• CBDC: Brainard also said “there may be an advantage for future financial stability to having a digital native form of safe central bank money – a central bank digital currency.”

In Case You Missed It

ECB Unveils Climate Exercise Results; No Impact on Capital

The European Central Bank this week released the results of its first major climate stress test, which showed a potential 70 billion euro hit across 41 institutions subject to the bottom up exercise.  The ECB noted that the results did not present concerns for the overall capitalization of banks and the results would not result in any Pillar 2 capital guidance this year. The test is meant to be a learning exercise rather than a true stress test that determines capital requirements.

‘Whole of Government’ Approach to Digital Assets Oversight Ensures Safety, Innovation Leadership

A coordinated approach across the federal government on regulating digital assets will ensure that the U.S. remains at the forefront of innovation while protecting consumers, the financial system and national security, BPI wrote in a comment letter to the Department of Commerce as it develops a digital assets competitiveness framework in connection with a recent executive order. “BPI supports innovation, but believes it must be conducted in a manner consistent with the safety and soundness of the financial system, national security, and robust consumer and investor protection,” Paige Pidano Paridon wrote in the letter. Additionally, a U.S. retail CBDC would likely fail to provide the benefits its proponents cite and would undermine the commercial banking system, the letter says.

Fed Survey Shows Worsening Liquidity in Treasury, MBS Markets

The Fed’s most recent Senior Credit Officer Survey included special questions on the liquidity conditions in U.S. Treasury and agency mortgage-backed securities.  The quarterly survey collects information on conditions in securities financing and derivatives markets.  The results of the most recent survey are available here.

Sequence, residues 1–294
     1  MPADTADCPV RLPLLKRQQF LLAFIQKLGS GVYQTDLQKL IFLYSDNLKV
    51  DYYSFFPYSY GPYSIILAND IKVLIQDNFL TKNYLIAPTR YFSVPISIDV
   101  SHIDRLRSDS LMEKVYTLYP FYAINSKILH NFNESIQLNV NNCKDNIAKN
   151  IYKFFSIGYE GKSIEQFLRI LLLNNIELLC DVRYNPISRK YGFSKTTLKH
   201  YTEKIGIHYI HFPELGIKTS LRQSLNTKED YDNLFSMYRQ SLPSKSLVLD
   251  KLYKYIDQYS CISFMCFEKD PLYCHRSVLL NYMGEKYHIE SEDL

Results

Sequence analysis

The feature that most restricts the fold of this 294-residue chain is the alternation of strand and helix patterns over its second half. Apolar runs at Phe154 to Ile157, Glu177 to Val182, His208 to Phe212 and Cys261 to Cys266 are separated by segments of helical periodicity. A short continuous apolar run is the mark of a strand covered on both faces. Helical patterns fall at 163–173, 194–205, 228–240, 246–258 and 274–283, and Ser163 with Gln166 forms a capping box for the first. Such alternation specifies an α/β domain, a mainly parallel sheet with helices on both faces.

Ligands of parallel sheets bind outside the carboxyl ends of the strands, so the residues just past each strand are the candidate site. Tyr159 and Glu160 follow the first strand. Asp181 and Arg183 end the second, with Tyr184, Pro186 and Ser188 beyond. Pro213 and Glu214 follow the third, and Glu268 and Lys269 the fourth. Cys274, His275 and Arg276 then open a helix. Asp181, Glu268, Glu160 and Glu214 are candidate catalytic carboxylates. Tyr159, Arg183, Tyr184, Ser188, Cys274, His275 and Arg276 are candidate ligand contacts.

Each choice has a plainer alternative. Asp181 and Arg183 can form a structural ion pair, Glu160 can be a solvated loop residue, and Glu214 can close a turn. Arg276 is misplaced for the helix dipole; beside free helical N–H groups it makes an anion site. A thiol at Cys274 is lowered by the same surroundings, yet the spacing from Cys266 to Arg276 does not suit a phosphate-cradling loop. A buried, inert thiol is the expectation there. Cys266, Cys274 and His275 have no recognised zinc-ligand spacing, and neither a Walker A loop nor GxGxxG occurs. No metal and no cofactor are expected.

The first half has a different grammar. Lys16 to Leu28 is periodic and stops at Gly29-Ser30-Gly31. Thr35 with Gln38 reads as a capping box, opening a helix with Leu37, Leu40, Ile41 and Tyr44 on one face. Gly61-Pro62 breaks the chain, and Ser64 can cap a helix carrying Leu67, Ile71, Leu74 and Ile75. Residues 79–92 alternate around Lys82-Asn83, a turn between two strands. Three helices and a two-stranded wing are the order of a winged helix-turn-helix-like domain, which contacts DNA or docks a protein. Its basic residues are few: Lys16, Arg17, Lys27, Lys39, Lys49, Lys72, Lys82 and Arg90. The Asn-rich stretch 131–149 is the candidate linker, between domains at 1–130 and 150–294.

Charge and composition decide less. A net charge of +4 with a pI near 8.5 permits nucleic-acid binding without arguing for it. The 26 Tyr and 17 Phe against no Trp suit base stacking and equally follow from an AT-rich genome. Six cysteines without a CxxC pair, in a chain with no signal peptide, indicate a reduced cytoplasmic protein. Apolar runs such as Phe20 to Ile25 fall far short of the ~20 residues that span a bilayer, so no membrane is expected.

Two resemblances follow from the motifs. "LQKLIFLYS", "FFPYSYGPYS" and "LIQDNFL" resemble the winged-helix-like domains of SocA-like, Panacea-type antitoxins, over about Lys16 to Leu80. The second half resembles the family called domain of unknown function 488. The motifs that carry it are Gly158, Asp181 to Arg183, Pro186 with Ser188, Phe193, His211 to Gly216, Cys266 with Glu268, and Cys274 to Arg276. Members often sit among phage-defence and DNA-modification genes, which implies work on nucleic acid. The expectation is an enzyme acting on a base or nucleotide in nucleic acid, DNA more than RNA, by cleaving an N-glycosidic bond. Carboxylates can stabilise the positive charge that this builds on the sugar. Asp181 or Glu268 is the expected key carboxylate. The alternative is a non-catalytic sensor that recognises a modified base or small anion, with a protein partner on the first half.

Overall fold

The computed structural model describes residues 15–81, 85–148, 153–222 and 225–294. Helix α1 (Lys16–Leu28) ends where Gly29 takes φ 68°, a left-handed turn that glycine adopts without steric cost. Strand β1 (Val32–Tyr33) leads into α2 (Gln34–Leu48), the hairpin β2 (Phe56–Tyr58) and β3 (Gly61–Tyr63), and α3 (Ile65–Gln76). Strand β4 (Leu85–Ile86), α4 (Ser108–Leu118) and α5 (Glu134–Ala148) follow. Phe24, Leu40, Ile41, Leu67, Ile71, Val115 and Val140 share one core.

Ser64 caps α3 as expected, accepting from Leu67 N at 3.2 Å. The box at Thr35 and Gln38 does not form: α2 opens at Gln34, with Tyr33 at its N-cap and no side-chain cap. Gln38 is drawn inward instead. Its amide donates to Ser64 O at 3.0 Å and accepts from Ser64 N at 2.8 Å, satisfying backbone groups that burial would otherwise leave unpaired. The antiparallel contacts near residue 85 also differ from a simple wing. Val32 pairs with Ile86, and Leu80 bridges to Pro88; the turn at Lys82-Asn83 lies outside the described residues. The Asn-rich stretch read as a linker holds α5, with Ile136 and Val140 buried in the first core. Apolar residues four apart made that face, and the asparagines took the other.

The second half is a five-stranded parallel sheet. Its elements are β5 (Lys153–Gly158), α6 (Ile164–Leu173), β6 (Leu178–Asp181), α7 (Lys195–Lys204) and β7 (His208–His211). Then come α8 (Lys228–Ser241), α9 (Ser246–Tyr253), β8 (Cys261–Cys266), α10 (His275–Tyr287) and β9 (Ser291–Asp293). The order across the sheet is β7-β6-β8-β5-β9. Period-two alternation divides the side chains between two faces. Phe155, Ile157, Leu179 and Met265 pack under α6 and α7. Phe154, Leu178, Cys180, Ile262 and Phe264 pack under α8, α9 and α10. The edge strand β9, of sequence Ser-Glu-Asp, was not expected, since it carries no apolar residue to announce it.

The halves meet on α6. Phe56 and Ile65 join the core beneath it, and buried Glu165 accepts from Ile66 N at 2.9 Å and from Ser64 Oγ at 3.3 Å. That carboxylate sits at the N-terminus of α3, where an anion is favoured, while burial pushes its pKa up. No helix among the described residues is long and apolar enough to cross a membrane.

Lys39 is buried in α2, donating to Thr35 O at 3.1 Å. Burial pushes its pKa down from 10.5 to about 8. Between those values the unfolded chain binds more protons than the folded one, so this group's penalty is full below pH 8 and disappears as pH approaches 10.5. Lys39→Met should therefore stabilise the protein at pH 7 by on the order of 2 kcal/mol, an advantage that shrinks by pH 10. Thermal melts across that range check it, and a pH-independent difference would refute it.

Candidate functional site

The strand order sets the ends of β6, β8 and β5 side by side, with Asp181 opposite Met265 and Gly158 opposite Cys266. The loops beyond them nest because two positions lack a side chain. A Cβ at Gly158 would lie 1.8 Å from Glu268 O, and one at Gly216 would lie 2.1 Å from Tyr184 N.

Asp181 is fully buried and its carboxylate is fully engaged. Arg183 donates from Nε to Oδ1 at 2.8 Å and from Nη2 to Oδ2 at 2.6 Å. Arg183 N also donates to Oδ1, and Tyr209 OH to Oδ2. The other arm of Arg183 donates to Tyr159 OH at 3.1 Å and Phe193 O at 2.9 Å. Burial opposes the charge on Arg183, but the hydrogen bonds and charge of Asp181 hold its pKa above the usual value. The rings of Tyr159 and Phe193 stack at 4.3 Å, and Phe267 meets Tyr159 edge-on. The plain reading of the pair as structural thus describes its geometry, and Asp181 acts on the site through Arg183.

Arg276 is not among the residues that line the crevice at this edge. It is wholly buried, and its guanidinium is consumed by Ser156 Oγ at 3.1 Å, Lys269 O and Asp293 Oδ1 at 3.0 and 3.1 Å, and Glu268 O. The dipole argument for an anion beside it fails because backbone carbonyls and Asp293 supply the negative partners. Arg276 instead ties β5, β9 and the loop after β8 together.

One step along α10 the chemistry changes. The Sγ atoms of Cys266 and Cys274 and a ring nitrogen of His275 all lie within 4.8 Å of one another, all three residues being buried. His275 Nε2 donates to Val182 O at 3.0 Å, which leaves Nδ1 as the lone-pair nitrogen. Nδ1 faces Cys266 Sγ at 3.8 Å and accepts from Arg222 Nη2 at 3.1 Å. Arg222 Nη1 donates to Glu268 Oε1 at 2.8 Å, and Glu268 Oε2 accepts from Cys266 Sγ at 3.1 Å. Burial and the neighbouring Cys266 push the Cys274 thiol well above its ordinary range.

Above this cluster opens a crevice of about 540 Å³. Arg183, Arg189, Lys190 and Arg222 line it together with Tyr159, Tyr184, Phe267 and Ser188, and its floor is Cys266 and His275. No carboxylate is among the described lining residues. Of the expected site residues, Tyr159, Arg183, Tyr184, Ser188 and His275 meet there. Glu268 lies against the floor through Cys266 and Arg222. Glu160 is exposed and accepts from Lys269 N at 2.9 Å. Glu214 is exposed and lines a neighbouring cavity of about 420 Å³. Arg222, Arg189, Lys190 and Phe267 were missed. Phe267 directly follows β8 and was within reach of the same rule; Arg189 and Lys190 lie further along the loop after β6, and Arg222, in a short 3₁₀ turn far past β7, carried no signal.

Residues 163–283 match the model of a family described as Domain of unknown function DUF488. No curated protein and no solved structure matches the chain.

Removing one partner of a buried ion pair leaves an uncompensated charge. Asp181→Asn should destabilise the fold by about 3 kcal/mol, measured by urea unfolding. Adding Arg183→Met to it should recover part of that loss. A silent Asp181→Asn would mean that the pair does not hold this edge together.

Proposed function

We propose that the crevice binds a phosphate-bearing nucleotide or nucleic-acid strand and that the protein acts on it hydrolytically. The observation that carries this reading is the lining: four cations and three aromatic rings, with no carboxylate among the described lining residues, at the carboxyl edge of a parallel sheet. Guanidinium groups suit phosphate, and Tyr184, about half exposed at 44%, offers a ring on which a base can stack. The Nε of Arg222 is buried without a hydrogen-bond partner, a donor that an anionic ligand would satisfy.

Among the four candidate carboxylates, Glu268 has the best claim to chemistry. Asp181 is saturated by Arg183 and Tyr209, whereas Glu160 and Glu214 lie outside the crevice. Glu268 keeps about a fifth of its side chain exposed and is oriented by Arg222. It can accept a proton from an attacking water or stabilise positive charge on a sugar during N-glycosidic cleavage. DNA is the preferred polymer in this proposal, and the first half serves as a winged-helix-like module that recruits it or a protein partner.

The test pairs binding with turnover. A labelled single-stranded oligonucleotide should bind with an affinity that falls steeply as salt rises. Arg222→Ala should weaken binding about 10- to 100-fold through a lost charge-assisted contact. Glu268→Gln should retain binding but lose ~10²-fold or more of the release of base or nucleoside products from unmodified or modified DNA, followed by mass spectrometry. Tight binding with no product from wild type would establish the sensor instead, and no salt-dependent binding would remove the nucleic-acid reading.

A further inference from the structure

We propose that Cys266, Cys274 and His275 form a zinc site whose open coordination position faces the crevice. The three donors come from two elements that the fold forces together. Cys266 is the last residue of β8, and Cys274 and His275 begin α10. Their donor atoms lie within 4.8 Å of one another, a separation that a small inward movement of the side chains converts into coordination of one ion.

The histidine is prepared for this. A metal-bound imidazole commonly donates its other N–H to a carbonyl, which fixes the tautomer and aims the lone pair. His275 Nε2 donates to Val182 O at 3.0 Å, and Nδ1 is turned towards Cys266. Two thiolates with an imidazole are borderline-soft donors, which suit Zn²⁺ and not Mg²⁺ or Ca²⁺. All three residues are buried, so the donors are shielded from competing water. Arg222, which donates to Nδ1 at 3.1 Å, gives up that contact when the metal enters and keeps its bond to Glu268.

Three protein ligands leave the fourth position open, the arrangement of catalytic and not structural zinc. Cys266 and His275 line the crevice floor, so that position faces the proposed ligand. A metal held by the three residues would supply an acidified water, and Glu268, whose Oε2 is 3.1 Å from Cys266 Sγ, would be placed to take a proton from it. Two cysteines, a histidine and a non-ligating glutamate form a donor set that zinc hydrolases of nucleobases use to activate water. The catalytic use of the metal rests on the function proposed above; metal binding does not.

All of the dealers surveyed reported that liquidity conditions in on-the-run Treasury markets had deteriorated, with over one-third indicating that the deterioration has been substantial.  Three-quarters stated that conditions in off-the-run securities had deteriorated.  Interest rate volatility was cited as the most important reason for the reduced liquidity.  Dealers also cited unbalanced order flows, diminished availability of dealer balance sheets, and reduced willingness of dealers to take risk as important reasons for the deterioration.  Dealers judge that elevated interest rate volatility and the Fed’s balance sheet reductions were the greatest risks to Treasury market liquidity over the remainder of 2022.

Roughly three-fifths of dealers reported that liquidity conditions in the MBS market had deteriorated.  Heightened interest rate volatility was the most cited reason for the illiquidity and the greatest risk to liquidity going forward.

Hsu Expects to Serve for ‘Foreseeable Future’

Acting Comptroller Michael Hsu said he hopes and expects to serve in the role for “the foreseeable future,” according to an American Banker article that cites an internal OCC email from May 10. Rep. Patrick McHenry (R-NC), the ranking member of the House Financial Services Committee, questioned whether Hsu would be eligible to serve beyond July 5, 2022, under the Vacancies Reform Act. Hsu responded that that law does not apply to his appointment. He pointed to another statute specifying that the first deputy comptroller serves as acting comptroller when the position is vacant. As acting OCC chief, Hsu has embarked on an ambitious agenda, including stablecoin issues, bank M&A scrutiny and climate risk management.

BNY Mellon Names McDonogh as New CFO

Bank of New York Mellon this week announced it has appointed Dermot McDonogh as incoming chief financial officer, starting Feb. 1, 2023. McDonogh, who has served in senior roles at Goldman Sachs, will succeed Emily Portney, who will assume a new role leading the firm’s treasury services, credit services and clearance and collateral management businesses.

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The views expressed do not necessarily reflect those of the Bank Policy Institute’s member banks, and are not intended to be, and should not be construed as, legal advice of any kind.